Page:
Facing Human Wrongs:

Navigating paradoxes and complexities
of social and global change.

Facing Human Wrongs: Course Invitation

This open access course licensed under creative commons (attribution 4.0 international) was originally designed as an interdisciplinary initiative between the departments of Educational Studies and the Faculty of Land and Food Systems at the University of British Columbia in 2020.

FHW offers six “unlearning bundles” that can support participants to expand intellectual, affective and relational capacities and move towards a head/heart/gut space where we may be better equipped to…

  • hold space for uncomfortable and difficult things without feeling overwhelmed , immobilised, wanting quick fixes or demanding to be rescued from discomfort
  • develop shared vocabularies and practices to responsibly navigate VUCA (volatility, uncertainty, complexity and ambiguity), as well as tensions and paradoxes;
  • surrender arrogance, idealizations and projections to be able to deal with all aspects of reality: the good, the bad, the ugly and messed up within and around us;
  • learn to weave relations grounded on trust, respect, reciprocity, consent and accountability;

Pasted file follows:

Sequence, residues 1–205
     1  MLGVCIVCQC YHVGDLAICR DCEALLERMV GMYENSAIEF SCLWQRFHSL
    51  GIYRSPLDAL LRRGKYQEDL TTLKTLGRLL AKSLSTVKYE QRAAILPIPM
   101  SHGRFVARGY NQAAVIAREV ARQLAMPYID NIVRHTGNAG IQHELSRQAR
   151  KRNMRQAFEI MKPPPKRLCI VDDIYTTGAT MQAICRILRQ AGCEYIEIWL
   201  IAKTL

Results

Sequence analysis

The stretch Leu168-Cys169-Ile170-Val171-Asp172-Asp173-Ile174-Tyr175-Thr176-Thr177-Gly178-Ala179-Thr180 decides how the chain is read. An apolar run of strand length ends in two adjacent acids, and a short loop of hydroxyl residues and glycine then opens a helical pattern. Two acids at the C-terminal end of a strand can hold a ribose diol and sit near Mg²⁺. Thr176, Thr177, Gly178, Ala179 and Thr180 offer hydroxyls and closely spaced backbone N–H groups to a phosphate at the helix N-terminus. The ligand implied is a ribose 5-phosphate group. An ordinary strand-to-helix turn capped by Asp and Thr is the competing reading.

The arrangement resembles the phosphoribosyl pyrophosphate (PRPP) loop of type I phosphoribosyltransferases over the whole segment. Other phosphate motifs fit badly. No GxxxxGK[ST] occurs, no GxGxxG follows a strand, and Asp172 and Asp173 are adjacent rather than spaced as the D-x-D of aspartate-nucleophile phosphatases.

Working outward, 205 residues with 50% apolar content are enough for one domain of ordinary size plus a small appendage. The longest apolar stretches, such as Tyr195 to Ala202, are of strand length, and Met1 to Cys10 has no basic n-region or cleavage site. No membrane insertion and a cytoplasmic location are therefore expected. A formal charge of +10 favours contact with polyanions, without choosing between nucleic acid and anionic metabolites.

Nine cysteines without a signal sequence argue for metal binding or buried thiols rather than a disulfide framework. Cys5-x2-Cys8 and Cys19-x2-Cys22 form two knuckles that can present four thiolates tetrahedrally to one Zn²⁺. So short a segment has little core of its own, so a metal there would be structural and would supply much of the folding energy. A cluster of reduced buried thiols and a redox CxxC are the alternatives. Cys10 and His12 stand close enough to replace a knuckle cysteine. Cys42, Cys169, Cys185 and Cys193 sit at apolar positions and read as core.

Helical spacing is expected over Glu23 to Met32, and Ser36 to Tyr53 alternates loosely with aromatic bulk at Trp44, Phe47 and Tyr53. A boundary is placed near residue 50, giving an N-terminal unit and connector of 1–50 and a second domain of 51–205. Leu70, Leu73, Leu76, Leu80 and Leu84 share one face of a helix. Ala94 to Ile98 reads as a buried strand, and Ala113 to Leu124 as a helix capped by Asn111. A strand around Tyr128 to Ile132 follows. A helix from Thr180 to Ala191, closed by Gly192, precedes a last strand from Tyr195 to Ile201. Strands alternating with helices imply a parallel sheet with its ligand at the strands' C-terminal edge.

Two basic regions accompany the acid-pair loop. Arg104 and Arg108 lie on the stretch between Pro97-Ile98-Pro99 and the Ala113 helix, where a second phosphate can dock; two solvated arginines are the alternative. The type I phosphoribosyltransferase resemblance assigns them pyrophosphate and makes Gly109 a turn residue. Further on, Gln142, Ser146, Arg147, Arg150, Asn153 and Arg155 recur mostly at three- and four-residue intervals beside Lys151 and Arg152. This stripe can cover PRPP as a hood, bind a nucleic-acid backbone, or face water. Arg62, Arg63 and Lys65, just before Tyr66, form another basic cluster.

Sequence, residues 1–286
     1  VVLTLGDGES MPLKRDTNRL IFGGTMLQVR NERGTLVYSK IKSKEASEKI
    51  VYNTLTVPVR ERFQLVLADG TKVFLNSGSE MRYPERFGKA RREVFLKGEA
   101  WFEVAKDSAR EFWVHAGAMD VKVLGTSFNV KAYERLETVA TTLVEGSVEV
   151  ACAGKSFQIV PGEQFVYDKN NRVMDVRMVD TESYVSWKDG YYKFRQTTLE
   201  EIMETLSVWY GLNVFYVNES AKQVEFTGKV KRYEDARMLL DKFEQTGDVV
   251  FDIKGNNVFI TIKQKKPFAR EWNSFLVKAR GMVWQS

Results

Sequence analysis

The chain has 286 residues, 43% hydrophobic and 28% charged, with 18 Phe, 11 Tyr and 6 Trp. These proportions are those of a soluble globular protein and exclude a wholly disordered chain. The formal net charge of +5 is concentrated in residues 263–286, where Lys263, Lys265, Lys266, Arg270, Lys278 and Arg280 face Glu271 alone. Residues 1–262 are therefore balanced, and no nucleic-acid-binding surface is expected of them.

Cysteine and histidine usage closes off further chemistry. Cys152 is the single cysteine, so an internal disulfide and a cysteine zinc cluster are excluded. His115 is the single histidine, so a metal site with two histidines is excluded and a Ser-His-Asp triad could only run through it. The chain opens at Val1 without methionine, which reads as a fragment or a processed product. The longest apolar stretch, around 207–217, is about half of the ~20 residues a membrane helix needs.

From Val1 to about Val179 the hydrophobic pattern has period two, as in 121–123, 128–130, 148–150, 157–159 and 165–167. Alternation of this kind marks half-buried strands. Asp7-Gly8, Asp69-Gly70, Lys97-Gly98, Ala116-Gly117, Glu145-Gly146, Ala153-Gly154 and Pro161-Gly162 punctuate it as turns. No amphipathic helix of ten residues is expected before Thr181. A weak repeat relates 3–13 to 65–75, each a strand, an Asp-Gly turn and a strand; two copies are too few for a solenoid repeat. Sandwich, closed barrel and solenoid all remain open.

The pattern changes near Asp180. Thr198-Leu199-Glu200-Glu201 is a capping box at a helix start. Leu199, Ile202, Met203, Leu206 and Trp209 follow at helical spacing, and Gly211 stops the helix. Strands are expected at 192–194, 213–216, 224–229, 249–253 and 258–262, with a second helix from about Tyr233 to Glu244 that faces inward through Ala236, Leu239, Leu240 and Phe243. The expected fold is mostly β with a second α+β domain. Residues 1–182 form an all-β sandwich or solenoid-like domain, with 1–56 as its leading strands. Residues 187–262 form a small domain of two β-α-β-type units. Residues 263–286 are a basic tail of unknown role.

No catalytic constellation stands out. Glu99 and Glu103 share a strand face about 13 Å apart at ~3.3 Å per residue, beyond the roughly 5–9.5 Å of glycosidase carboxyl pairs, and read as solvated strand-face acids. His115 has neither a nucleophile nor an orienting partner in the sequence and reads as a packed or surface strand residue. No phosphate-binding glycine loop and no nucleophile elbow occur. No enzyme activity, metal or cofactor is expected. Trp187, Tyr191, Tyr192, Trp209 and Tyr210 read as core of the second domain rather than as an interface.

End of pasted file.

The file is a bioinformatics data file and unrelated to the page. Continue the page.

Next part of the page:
• be generative translators between different disciplines, generations, cultural contexts and multiple moving layers of reality;
  • deepen our self-understanding and self-compassion to face our shadows, compost historical, systemic, collective and individual “shit,  and weather storms together;
  • walk the tightrope between desperate hope and hopelessness with honesty, humility, humour and hyper-self-reflexivity;
  • calibrate our vital compass towards decolonial forms of sobriety, maturity, discernment and accountability.

FHW is an experiment in a wider inquiry of how education can activate visceral responsibility (responsibility not based on intellectual choice, self-interest, or convenience) and de-activate harmful desires and perceived entitlements conditioned by modernity/coloniality, such as conditioned desires for moral and epistemic authority, unaccountable and unrestricted autonomy and the universal arbitration of justice and common sense.

This course offers a pedagogy that is often experienced as counter-intuitive because it invites participants to step back from and develop a healthy scepticism towards their narratives and identities. Unlike other courses, FHW does not emphasise the affirmation of participants’ self-expression, voice, empowerment, virtues or preferences. 

Needless to say that this course is not for everyone, that is why we invite you to try the first unit and complete the questionnaire “Is this course for me?”, before you decide to commit to it. You can take this course as self-study (individually) or as part of a scheduled group (with support from trained facilitators). 

Since this course is open access, we invite you to consider a reciprocity commitment to the Indigenous communities that have inspired and supported the creation of this course.

This work is licensed under a Creative Commons Attribution 4.0 International License.

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